The Lockdown Larder

I’m not the world’s best cook – far from it – but these last few weeks have proved to me that I am still capable of feeding my family a decent meal when access to a daily supply of fresh produce is severely limited.

There’s no denying that pasta and/or chicken have featured highly on our weekly menu, but I am also managing to put veg and salad onto plates.

I’m also using my lunch plate as the place to put all the food that is about to go past its use-by date … it’s led to a few unusual combinations.

And if you fancy a simple no-kneading-required bread recipe, go here.

10 thoughts on “The Lockdown Larder

  1. They all look delicious, even the plates that are supposedly made from ‘almost out of date ingredients’! A colourful plate of food always looks enticing doesn’t it?
    I made the beer bread (kind of) last week – only I didn’t have enough plain white flour, but discovered a bag of wholemeal plain flour at the back of the cupboard that went out of date in January 2019. It looked ok, and there were no bugs living in it so I decided to use that. As I put it in the oven, I couldn’t remember if I’d put the baking powder in, and then realised that I definitely hadn’t added any sugar! I figured the beer would have had a certain amount of sugar in it so didn’t fret too much about that. Despite that, it came out really nice and went very well as part of a ploughman’s lunch!

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    1. The lack of availability of flour is surprising to me – I can only surmise that someone somewhere has so much flour in their pantry, they could open their own bakery. I was sent a delicious sounding recipe for peanut butter loaf earlier this morning … but it calls for plain flour, I only have a bit left and the flour shelves in Tesco were completely bare when I last went in.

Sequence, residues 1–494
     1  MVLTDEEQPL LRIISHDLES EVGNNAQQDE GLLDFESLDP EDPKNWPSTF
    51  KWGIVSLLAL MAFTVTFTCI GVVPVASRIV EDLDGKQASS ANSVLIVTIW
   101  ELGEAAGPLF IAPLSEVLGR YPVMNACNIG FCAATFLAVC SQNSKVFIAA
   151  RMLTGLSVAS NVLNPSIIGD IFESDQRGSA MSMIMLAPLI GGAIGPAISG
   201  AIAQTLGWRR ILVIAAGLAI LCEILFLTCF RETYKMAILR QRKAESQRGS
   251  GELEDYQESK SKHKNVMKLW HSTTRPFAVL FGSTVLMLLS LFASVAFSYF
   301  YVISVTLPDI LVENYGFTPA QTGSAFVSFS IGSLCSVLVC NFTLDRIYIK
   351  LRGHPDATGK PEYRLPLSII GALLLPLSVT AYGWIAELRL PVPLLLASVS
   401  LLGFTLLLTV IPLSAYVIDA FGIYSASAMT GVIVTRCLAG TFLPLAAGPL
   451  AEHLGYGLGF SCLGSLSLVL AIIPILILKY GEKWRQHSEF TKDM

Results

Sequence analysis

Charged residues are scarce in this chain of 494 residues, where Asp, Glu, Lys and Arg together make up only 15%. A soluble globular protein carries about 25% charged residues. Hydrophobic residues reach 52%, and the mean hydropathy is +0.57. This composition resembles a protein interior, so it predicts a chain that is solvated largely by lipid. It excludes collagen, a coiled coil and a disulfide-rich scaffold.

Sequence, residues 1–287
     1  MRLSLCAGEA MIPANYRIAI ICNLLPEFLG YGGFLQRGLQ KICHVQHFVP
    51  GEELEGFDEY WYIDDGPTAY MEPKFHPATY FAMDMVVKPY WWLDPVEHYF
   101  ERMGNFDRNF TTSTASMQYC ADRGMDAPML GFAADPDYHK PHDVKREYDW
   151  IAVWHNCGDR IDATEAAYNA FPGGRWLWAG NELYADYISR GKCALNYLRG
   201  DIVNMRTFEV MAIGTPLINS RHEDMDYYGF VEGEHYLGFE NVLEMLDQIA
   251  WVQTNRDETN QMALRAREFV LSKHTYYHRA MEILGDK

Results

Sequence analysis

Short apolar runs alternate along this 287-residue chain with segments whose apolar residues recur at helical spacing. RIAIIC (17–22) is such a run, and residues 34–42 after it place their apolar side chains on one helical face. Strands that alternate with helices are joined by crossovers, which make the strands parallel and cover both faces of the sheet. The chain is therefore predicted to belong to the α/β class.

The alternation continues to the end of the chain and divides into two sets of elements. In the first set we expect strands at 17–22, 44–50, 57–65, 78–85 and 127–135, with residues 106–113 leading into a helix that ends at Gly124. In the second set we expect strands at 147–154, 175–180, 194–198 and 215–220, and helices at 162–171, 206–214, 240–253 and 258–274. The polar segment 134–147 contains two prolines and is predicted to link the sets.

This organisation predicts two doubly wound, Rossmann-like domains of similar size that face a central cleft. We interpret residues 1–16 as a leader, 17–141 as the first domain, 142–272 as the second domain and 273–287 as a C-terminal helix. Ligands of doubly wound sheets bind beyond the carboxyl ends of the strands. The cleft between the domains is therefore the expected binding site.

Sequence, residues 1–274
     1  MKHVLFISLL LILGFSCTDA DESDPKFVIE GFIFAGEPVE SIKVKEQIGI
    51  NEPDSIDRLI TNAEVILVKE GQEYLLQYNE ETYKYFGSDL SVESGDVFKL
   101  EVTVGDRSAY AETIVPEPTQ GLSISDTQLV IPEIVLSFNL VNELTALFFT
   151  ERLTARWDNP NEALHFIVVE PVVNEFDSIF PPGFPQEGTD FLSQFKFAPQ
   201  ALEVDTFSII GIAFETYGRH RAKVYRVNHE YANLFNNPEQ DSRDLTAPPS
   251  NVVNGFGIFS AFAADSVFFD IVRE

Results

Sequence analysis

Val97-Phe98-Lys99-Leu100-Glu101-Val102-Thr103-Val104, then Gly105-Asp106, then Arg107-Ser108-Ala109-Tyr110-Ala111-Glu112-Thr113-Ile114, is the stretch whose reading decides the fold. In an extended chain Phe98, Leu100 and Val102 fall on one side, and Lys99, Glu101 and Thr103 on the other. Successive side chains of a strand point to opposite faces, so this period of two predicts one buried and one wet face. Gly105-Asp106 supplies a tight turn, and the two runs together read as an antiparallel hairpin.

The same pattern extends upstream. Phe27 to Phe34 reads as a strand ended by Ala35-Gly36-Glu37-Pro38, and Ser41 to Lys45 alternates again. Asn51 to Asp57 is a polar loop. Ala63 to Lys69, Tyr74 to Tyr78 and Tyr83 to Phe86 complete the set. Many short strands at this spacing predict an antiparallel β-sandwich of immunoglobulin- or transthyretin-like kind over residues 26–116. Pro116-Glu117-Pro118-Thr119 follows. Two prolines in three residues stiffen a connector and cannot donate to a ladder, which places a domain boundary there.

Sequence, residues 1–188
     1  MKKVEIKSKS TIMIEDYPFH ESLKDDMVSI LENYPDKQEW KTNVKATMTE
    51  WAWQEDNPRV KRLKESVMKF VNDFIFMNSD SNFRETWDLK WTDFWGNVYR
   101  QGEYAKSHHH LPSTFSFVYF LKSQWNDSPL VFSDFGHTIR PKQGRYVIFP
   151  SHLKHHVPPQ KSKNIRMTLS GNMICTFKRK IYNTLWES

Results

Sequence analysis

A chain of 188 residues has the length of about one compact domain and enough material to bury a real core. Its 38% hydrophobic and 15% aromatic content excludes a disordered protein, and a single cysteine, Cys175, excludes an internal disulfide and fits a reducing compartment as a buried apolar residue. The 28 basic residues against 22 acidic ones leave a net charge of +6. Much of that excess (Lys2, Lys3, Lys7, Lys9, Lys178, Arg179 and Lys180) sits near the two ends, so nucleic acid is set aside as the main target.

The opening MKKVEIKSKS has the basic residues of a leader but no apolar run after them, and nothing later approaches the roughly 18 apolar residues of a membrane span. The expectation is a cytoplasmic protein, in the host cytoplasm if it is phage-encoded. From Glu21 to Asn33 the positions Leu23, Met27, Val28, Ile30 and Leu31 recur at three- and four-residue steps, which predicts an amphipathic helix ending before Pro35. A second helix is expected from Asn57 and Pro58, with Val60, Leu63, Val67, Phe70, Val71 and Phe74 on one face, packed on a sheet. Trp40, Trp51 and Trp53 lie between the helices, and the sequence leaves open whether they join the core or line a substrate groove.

I’m glad the beer bread was edible – beer obviously contains more of the required ingredients that we’ve ever realised!

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  2. At any time all those meals look delicious & nutritious. How creative to make those ingredients work together. I wonder if there is something in a woman’s DNA that indicates during stressful time, food, preparation are how we care for family since we didn’t think we cold take on those Mastodons. I look back at some of the most wonderful cookbooks, with comfort food recipes & they are from WWI & WWII, again when food was in short supply & at the heart of it women nurturing their families.

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  3. You are really making the best of your fridge and store cupboard, with no loss of appetizing colour, shape and texture. I agree with Mary-Lou: if my life has a point at present, I see that it’s to make sure that everyone is happily fed!

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  4. We’ve really been enjoying eating at home all this time & have taken turns cooking. Since Robbie’s only been out once a week, there have been some days where fresh produce has been lacking at meals (near the end of the week). So far we haven’t really noticed shortages too much at the stores (other than toilet paper & cleaning supplies). Your meals look so yummy!

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    1. Thank you. I’ve noticed that flour (all types) has been in short supply, although I was able to purchase 1.5 kgs of plain flour this morning. The aisles containing toilet roll and kitchen roll seemed to be fully stocked again.
      I do most of the cooking, but The Brainy One makes pizza from scratch every weekend and this week I’ve also asked him to make his famous Spaghetti Bolognaise (although it will be penne pasta because we don’t have spaghetti!).

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